The reality star first unveiled her newest venture on Tuesday, when she shared a video of herself sipping glasses of tequila to Instagram, as well as various photos of the bottles of tequila, with the caption: “For almost four years I’ve been on a journey to create the best tasting tequila.”
In the post, Jenner explains that “after dozens of blind taste tests, trips to our distillery, entering into world tasting competitions anonymously and WINNING,” she thinks “we’ve done it”.
“This is all we’ve been drinking for the last year and I can’t wait for everyone else to get their hands on this to enjoy it as much as we do! @drink818 coming soon,” the 25-year-old added.
While Jenner is not the first celebrity to launch a tequila brand, as George Clooney and Dwayne Johnson both have tequila companies, the announcement was met with near-immediate backlash, with many accusing the supermodel of “cultural appropriation” and of profiting off an agricultural industry that is integral to the Mexican economy.
Tequila typically comes fromJalisco, Mexico, where it is made through a time-intensive process that sees farmers harvesting agave plants, which take up to eight years to mature.
According to Jenner, 818 Tequila does come from Jalisco, however, criticism suggested that she was “taking from local Mexican artisans and profiting off our traditions and agricultural business”.
“Something about Kendall Jenner making tequila rubs me the wrong way… like the idea of white celebrities taking from local Mexican artisans and profiting off our traditions and agricultural business yet only visit Cabos and Puerto Vallarta for vacation spots…” one person tweeted. “And not to mention profit off the brown hands that actually plant, grow, harvest ferment and distill the agave plants in Jalisco.”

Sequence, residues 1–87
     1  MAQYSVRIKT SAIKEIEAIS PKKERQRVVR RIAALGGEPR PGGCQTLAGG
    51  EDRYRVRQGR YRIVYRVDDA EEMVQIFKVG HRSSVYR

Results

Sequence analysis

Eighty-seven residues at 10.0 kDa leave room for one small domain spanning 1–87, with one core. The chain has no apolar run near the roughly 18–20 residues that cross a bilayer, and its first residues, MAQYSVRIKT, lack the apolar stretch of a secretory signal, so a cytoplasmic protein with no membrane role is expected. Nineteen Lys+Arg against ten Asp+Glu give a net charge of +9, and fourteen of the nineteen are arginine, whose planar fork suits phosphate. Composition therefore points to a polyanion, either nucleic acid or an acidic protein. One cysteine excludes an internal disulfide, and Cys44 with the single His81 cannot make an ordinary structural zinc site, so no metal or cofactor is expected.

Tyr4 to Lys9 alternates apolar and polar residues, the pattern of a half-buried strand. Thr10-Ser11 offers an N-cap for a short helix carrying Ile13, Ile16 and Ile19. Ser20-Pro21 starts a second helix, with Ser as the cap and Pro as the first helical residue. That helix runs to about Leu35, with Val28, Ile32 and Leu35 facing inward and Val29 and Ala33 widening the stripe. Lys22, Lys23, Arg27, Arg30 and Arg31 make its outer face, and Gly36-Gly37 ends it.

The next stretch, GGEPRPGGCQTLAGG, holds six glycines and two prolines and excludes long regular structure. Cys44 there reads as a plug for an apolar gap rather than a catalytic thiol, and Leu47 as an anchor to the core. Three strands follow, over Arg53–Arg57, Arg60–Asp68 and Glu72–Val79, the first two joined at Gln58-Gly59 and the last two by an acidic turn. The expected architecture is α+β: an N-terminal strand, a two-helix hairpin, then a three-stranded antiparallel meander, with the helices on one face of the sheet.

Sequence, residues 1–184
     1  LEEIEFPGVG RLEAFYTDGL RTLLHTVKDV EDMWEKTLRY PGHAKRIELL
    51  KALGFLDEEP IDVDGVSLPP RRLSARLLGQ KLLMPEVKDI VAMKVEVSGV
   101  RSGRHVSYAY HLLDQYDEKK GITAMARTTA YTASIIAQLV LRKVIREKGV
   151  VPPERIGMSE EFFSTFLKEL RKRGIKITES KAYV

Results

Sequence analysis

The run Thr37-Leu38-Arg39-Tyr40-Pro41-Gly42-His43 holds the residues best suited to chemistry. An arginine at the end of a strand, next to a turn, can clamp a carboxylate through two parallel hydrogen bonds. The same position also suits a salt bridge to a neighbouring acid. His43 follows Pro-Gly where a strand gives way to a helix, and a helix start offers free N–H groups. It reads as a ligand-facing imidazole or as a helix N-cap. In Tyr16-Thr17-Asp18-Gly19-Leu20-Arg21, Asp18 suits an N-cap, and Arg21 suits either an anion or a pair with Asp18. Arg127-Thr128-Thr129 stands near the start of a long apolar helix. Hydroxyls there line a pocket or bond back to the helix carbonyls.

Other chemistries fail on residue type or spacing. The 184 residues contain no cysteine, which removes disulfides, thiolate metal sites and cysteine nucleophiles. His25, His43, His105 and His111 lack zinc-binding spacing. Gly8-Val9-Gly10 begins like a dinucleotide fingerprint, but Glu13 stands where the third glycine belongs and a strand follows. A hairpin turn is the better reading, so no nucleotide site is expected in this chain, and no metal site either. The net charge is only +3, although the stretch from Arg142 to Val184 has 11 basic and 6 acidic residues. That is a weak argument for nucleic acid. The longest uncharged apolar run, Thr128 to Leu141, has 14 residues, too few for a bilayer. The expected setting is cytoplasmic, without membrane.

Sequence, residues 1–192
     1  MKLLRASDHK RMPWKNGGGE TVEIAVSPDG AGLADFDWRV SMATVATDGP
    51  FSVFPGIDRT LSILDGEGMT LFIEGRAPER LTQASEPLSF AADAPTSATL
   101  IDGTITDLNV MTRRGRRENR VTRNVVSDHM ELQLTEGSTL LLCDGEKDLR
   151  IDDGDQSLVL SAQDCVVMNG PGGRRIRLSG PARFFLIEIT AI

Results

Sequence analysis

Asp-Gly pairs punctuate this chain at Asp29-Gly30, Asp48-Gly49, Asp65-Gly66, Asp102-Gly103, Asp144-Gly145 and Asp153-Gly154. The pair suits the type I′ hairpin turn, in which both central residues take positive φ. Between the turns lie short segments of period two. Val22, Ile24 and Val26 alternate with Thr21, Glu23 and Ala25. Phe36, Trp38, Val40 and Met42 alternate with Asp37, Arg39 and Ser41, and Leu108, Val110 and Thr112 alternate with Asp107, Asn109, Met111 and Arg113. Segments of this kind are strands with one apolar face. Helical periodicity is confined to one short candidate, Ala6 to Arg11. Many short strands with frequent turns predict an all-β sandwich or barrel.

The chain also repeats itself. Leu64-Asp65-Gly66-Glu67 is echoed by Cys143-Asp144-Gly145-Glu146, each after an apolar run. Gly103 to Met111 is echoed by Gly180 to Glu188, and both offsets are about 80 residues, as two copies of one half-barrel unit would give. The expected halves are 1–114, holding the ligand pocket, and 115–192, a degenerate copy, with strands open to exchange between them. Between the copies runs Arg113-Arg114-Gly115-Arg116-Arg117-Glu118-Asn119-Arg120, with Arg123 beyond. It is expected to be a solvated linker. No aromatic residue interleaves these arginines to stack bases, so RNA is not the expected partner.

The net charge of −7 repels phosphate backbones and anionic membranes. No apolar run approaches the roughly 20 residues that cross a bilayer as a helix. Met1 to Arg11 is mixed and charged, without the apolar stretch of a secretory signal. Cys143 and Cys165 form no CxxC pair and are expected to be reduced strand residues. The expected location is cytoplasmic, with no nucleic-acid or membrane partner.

Another said: “I’m from Jalisco, and I like Kendall Jenner but this does not sit right with me, I ain’t drinking her Tequila. Stop exploiting Mexican culture for profit. Support the smaller tequila brands, they are way better.”
Others took offence with the name that Jenner chose for the spirits company, which refers to the area code of Calabasas, the city in California where she grew up.
“Kendall Jenner starting a tequila brand, with zero knowledge on Mexican culture and calling it ‘818 Tequila’ is GENTRIFICATION. The 818 does not claim Calabasas. What about those smaller, family owned Mexican tequila/mezcal brands? They deserve the hype & support,” someone else wrote on Twitter, adding that “so many Mexican & Central American immigrants have built their lives in the 818”.
“Like many places in Los Angeles, wealthy folks try to erase the real people and culture from the 818 to appeal to white folks and their version of the 818,” they continued.
This is not the first time a member of the Kardashian/Jenner family has been accused of cultural appropriation, a fact that many have acknowledged on Twitter.
Jenner’s older sister Kim Kardashian previously faced criticism after she launched her shapewear brand under the name Kimono, before later changing it to Skims, while sister Kylie Jenner has also faced similiar criticism after wearing her hair in twists, a protective hairstyle frequently worn by Black men and women.
“Kendall Jenner coming out with her own tequila brand... what’s next on the Kardashian/Jenner colonisation list?” one person tweeted.
As of now, Jenner has not addressed the backlash regarding her tequila brand.
The Independent has contacted Jenner for comment.
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